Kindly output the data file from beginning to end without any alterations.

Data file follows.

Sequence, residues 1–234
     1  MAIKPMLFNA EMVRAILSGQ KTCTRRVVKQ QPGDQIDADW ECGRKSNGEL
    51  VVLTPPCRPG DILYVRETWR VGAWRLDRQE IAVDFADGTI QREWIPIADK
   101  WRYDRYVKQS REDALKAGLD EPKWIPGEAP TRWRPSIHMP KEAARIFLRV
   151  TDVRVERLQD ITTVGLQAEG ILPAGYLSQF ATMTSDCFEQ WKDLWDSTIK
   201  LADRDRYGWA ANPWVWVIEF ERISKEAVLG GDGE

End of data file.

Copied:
Sequence, residues 1–234
     1  MAIKPMLFNA EMVRAILSGQ KTCTRRVVKQ QPGDQIDADW ECGRKSNGEL
    51  VVLTPPCRPG DILYVRETWR VGAWRLDRQE IAVDFADGTI QREWIPIADK
   101  WRYDRYVKQS REDALKAGLD EPKWIPGEAP TRWRPSIHMP KEAARIFLRV
   151  TDVRVERLQD ITTVGLQAEG ILPAGYLSQF ATMTSDCFEQ WKDLWDSTIK
   201  LADRDRYGWA ANPWVWVIEF ERISKEAVLG GDGE